**SI Base units give additional insight into what is meant by dimensionality

Data Set

{scalar :    1.2, length : 3, time : -1}

{scalar :  0.67, length : 1}

{ scalar : 0.89, length : 2, time : -1}

{ scalar : 0.35, length : 2}

ANSWER = “C” is the equation to use the above data.

Imagine for a moment we don’t know we need a Reynolds Number but we have the above Data Set… and are not sure what to do with it.  As will be covered in a moment solving this problem is worth thinking about.  In this case we can add to our data set that the desired result is a dimensionless number (without knowing it to be the Reynolds Number), there are ONLY two ways to combine the above data to yield a dimensionless value, the first being a Reynolds Number, and the second being the ‘Inverse of a Reynolds Number’ (which is nonsensical and may be dismissed).  In the above case no “Function call” (function = “Reynolds_Number”) is required; it is only required that the Data Set be defined. Given the required data set, Organism® can provide the Reynolds Number, no function call is required; it may be said to be an eager service.

Pull out a “hydraulic book”, pull out a “Perry’s Handbook of Chemical Engineering” or a “Mark’s Standard Handbook of Mechanical Engineering”, I believe you will be astonished at how frequently the “Function call” is fully defined by the Data Set.  Where this condition is not met, we can add that calculations live in a context that includes (per engineering best practice) a narrative description of what is calculated, maybe a sketch and a symbolic and verbose description of the data set.  Words and Phrases like “Hydraulic Diameter,  Volumetric Flow Rate, Pipe, and viscosity all point to a Fluid Flow problem domain, and these are also fed into Organism® to aid in resolving ambiguous conditions.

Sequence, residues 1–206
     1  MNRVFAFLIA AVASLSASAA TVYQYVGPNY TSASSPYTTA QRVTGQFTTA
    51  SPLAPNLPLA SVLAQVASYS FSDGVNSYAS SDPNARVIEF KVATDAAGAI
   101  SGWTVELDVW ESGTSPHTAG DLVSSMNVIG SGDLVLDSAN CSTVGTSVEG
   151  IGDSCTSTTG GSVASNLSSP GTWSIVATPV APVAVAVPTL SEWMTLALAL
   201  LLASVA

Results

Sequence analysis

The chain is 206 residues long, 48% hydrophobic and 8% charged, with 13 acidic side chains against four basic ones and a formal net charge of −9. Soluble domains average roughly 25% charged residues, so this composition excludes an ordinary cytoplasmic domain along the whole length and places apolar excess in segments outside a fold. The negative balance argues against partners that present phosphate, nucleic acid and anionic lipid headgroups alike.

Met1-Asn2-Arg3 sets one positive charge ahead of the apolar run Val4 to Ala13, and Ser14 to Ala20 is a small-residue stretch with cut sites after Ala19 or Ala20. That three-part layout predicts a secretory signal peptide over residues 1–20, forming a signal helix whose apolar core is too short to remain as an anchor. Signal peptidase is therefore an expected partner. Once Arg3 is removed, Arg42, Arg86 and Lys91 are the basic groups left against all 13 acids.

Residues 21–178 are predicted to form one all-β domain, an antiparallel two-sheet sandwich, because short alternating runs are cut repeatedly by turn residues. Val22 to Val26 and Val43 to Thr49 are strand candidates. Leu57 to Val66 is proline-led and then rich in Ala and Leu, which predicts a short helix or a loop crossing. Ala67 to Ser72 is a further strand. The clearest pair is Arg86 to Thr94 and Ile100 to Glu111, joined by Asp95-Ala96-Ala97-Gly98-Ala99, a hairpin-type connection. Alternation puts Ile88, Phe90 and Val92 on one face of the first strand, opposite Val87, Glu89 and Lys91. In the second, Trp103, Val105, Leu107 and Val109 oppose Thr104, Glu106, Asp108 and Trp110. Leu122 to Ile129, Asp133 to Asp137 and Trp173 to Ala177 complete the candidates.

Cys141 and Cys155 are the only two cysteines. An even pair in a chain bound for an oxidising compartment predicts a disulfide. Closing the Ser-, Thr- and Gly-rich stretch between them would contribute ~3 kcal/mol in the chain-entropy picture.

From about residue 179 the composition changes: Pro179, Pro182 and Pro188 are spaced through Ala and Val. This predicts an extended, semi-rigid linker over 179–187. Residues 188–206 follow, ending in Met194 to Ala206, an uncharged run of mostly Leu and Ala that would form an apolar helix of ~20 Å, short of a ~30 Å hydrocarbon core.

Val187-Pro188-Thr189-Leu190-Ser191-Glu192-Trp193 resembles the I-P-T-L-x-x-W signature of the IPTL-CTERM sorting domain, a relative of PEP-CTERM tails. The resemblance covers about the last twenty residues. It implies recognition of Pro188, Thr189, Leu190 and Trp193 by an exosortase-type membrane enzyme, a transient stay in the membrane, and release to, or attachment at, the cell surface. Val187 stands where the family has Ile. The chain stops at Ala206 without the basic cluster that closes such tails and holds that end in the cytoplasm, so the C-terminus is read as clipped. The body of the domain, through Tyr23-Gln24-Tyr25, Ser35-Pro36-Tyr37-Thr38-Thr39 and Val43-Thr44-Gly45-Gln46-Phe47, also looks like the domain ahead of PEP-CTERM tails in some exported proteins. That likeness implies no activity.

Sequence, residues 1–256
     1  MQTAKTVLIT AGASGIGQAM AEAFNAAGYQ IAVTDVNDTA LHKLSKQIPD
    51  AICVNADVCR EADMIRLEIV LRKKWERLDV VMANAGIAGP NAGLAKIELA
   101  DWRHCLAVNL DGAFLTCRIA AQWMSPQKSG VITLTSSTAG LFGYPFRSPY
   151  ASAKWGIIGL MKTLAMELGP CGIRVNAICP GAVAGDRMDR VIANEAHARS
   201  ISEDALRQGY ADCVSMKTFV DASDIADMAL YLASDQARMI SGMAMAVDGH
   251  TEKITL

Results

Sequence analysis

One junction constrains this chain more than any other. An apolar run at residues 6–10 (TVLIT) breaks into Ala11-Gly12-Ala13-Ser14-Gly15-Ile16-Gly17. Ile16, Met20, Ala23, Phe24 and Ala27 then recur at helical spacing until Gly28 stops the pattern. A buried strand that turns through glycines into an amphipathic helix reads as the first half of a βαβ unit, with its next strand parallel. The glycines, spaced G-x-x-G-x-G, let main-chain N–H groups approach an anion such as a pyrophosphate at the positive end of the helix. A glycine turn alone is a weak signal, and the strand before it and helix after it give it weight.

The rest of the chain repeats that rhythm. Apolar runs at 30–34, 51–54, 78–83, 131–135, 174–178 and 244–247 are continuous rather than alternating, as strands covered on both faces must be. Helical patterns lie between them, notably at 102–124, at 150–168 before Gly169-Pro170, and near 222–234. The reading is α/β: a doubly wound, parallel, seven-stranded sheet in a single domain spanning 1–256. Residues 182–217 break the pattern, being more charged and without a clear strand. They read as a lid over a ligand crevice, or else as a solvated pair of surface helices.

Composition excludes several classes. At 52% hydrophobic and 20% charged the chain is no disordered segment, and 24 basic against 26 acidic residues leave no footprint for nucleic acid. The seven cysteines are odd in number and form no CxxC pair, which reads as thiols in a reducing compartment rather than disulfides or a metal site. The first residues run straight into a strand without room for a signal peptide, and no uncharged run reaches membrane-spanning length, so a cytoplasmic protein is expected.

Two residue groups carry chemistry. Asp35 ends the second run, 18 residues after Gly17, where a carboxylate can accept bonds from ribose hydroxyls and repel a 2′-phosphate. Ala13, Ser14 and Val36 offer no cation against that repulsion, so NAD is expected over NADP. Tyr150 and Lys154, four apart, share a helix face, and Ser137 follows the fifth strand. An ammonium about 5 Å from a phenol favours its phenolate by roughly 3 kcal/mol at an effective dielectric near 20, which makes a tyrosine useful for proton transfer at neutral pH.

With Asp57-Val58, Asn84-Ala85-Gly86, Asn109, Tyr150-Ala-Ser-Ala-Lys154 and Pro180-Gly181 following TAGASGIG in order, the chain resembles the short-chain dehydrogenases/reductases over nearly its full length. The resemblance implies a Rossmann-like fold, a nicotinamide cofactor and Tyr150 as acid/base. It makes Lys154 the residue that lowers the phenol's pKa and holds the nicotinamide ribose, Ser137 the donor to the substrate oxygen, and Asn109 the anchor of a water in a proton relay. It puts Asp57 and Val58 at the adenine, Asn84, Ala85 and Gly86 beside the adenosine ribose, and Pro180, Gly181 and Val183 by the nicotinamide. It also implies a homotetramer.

So Organism is an “Eager Service”, so what?  Imagine for a moment, something like an Excel Spreadsheet, living on the “Cloud” and exposed to every engineer on the planet.  Further imagine that this spreadsheet has a function call for every calculation you and every other engineer has ever used.  Regrettably this would be totally useless because you would have no way to know what cell a desired calculation was in (you would not know the “Function Call”).  This is where the eagerness offered by Organism® becomes essential, because it is the job of Organism® to fetch the function with the information available to it.  The result of this architecture is a browser based program that provided a web connection will make every effort to anticipate what a user needs to do, even if the user is not totally sure about it. 

 Organism is already equipped with an EoS for Water (International Steam Tables), Black Oil models, Tables for NPS Pipe a number of hydraulic flow calculations, a means of calculating molecular weights based on chemical formula.  The structure and architecture of Organism® facilitate the expansion of the platform to include new functions and domains. 

When I talk about an Engineering Ecosystem, I am envisioning a platform where Calculations, Heat and Mass Balances, PFDs, P&IDs, Equipment Data Sheets all reside in a single cloud repository and accessible by teams as required.  This then supports online project execution, scheduling, purchasing and logistics.  

Many thanks and best regards,

 Steve Bolman P.E .
Curator of Organism® an Engineering Ecosystem
(832) 326-8984

Organism is a registered trademark of Equalation, LLC